The employer and insurer appeal from the compensation judge’s award of a pain clinic evaluation under the “rare case” exception to the treatment parameters and from the judge’s award of certain other medical expenses, including an MRI scan. We reverse the award of a pain clinic evaluation but affirm as to the other expenses.
The employee sustained a work-related injury to her low back on June 6, 2006, while employed as a sheet metal worker by Egan Mechanical [the employer]. She was subsequently seen by Kimberly Hauch, a physician assistant at the Columbia Park Medical Group. Ms. Hauch diagnosed a lumbar strain sprain, with intermittent leg pain, recommended restrictions, and prescribed medications and physical therapy. On August 3, 2006, the employee underwent a lumbar MRI scan, which disclosed degenerative disc disease, with a central annular disc bulge, at L5-S1.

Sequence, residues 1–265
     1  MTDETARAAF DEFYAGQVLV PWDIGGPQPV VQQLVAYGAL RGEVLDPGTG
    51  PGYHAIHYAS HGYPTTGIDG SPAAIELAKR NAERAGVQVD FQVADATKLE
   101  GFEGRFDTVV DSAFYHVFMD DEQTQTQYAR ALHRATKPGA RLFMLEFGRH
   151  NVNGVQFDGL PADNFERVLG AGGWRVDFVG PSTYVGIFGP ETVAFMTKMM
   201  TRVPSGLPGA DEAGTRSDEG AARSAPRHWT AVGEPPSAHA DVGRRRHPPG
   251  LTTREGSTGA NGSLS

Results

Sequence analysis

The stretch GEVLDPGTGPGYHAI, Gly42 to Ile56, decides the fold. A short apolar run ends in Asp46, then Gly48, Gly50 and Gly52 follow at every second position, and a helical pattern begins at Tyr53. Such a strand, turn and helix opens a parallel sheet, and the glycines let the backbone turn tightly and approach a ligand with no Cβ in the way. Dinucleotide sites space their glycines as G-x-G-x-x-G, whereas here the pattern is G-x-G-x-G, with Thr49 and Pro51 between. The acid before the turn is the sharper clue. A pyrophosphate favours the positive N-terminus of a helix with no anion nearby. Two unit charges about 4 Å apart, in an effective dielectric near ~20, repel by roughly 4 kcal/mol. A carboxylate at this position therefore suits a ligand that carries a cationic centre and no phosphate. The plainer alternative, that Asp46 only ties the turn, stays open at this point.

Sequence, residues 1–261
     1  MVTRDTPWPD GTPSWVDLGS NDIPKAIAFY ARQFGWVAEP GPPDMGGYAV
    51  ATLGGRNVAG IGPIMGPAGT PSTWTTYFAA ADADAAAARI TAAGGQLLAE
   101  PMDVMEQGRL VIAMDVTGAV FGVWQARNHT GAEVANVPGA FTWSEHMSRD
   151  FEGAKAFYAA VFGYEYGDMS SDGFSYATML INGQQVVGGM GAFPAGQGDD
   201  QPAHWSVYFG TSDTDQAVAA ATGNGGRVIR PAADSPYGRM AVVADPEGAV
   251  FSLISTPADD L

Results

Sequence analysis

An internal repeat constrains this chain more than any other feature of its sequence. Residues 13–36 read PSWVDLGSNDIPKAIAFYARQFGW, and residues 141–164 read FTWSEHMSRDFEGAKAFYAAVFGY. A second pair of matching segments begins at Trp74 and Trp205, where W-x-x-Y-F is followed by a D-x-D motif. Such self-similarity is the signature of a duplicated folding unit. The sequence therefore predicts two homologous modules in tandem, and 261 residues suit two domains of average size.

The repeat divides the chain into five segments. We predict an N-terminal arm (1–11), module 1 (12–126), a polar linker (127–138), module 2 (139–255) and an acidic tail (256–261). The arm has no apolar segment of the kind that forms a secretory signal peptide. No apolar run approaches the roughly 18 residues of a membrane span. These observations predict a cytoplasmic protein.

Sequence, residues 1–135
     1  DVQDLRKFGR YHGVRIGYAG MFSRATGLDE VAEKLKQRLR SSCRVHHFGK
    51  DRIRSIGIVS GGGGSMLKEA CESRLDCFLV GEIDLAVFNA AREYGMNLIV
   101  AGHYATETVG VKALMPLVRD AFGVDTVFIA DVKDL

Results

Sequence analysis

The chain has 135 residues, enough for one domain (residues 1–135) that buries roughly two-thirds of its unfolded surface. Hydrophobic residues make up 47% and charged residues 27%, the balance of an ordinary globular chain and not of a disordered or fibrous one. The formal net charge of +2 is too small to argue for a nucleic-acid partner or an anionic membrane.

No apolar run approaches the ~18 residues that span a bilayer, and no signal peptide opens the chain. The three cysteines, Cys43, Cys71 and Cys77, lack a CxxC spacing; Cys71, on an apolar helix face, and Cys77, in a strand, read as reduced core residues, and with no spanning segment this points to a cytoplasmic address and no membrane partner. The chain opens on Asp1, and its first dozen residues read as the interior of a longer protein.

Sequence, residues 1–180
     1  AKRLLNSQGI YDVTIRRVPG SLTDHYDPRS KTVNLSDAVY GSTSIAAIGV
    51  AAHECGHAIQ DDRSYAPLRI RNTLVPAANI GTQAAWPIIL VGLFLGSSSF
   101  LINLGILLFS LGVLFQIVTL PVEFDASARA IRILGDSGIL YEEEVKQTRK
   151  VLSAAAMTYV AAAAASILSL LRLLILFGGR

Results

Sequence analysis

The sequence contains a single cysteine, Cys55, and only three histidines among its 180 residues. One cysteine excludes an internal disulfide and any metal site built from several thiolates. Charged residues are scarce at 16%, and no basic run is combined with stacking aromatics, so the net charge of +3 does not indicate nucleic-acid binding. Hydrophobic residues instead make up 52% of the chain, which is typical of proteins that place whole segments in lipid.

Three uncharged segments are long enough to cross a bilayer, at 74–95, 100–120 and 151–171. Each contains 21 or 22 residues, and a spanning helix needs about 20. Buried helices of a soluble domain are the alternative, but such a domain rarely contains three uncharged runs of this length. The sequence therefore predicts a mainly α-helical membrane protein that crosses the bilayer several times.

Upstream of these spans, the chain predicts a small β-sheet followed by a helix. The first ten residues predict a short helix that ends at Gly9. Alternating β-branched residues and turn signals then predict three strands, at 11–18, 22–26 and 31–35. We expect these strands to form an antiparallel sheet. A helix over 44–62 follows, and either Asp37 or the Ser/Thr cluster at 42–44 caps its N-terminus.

A few days after the MRI scan, the employee returned to Columbia Park Medical Group and was seen by Dr. Jeffrey Meyer. About a week later, Dr. Meyer referred her to Physicians Neck and Back Clinics [PNBC] for evaluation. The employee subsequently participated in an active rehabilitation program at that facility and, in mid-December of 2006, after 29 therapy sessions, PNBC physician Dr. Alison Coulter released the employee to return to her usual job duties, without restrictions, recommending that she quit smoking, increase her cardiovascular activities, and use a device called a “Roman chair” for further strengthening.